wow - that is actually pretty cool!
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Re: AMVR: VR Exposure Therapy - First Screens - FEEDBACK NEE

Post by ftarnogol »

GeraldT wrote:
KBK wrote: Very intelligent. If they demand food from you, and you don't deliver, you might come back to the parking lot and find that somehow, only your car has bird crap on the hood and windshield...
wow - that is actually pretty cool!
not for the car owner
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Re: AMVR: VR Exposure Therapy - First Screens - FEEDBACK NEE

Post by boone188 »

Spiders are adorable. One of my favorite things to take pictures of:
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Anyone scared of bees?
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Re: AMVR: VR Exposure Therapy - First Screens - FEEDBACK NEE

Post by ftarnogol »

We just tweaked some scenarios (Main tower and Hallway). The hallway still needs to get darker (maybe add the option to control light intensity) and creepier to evoke angst.

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Re: AMVR: VR Exposure Therapy - First Screens - FEEDBACK NEE

Post by Parallaxis »

That hallway is creepy somehow :)
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Re: AMVR: VR Exposure Therapy - First Screens - New Screensh

Post by KBK »

I guess it is supposed to be the hallway at the end of comfortably numb.

And the inevitable overwrought existential analysis. http://www.thewallanalysis.com/main/com ... -numb.html
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Re: AMVR: VR Exposure Therapy - New Screenshots

Post by ftarnogol »

Hey KBK!

I never watched the video before but...you are right, they are very much alike!

One of my fav songs, BTW
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Re: AMVR: VR Exposure Therapy - New Screenshots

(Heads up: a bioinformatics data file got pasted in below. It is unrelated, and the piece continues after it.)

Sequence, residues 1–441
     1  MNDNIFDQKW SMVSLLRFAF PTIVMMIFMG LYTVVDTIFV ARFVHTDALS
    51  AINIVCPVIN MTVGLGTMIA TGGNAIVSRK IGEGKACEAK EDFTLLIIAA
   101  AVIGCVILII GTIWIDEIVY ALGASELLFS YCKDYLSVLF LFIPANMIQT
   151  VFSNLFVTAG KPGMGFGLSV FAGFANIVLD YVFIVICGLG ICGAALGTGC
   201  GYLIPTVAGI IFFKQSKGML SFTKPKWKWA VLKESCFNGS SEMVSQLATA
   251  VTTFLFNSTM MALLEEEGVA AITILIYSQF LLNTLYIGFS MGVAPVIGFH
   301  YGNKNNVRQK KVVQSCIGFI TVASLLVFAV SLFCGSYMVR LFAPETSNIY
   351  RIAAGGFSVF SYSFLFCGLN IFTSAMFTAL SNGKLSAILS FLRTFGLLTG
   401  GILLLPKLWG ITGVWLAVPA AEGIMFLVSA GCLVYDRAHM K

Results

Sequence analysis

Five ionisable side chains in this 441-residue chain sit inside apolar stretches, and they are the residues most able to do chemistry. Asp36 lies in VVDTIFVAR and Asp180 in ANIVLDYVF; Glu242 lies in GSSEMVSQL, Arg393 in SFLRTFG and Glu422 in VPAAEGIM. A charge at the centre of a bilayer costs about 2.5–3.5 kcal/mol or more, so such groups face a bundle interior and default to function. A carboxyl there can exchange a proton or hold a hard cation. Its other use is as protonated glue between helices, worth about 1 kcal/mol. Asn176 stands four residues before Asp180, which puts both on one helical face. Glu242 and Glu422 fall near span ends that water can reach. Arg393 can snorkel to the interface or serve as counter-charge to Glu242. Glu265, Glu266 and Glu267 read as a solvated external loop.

Post by ftarnogol »

Just uploaded new screenshots and moved all images to OP
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Re: AMVR: VR Exposure Therapy - New Screenshots

Post by Evenios »

sounds nice i think any way VR can improve lives is a good thing. :-)

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Re: AMVR: VR Exposure Therapy - New Screenshots

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Re: AMVR: VR Exposure Therapy - New Screenshots

Post by ftarnogol »

Nice find geekmaster!!!


As I said on the other forum... very accurate. I'll particularly vouch for seizing their spider culture from within and making their kind stop the terrorizing acts against mankind.
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Re: AMVR: VR Exposure Therapy

Post by ftarnogol »

Hi everyone. Please take 1 minute to complete this survey:

https://psytech.typeform.com/to/OOfjVz

Thank you!
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Re: AMVR: VR Exposure Therapy

Post by BOLL »

Not sure why I had not seen this before, very nice, and did the survey too! :) Am very interested to see how this ends up!

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Re: AMVR: VR Exposure Therapy

Post by ftarnogol »

Hi BOLL,

Thanks for taking the time to do they survey :)

We REALLY need the feedback
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Re: AMVR: VR Exposure Therapy

Post by TheHolyChicken »

Well I did the survey as requested, but I fear that a phobia-less VR enthusiast is only going to serve to skew the results rather than help :P
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Re: AMVR: VR Exposure Therapy

Post by ftarnogol »

LOL well, you would be a perfect subject for a control group :P
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Re: AMVR: VR Exposure Therapy - Plz fill out 2 a minute Surv

Post by ftarnogol »

Hi everyone,

Here's some footage of AMVR's pre-alpha.

Still not ready for prime time. There's lots of work that needs to be done, but at least we have a minimum viable product to start planning for a Kickstarter campaign.

https://www.youtube.com/watch?v=PQ1CyEUfI2U
Image
<a href="http://phobos.psychologicaltechnologies.com">Link text</a>

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BOLL
Binocular Vision CONFIRMED!
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Re: AMVR: VR Exposure Therapy - Plz fill out 2 a minute Surv

Post by BOLL »

Looks like it's progressing nicely :) seeing the spider actually made my skin crawl ._.

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cybereality
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Re: AMVR: VR Exposure Therapy - New Video and Website

Post by cybereality »

Cool.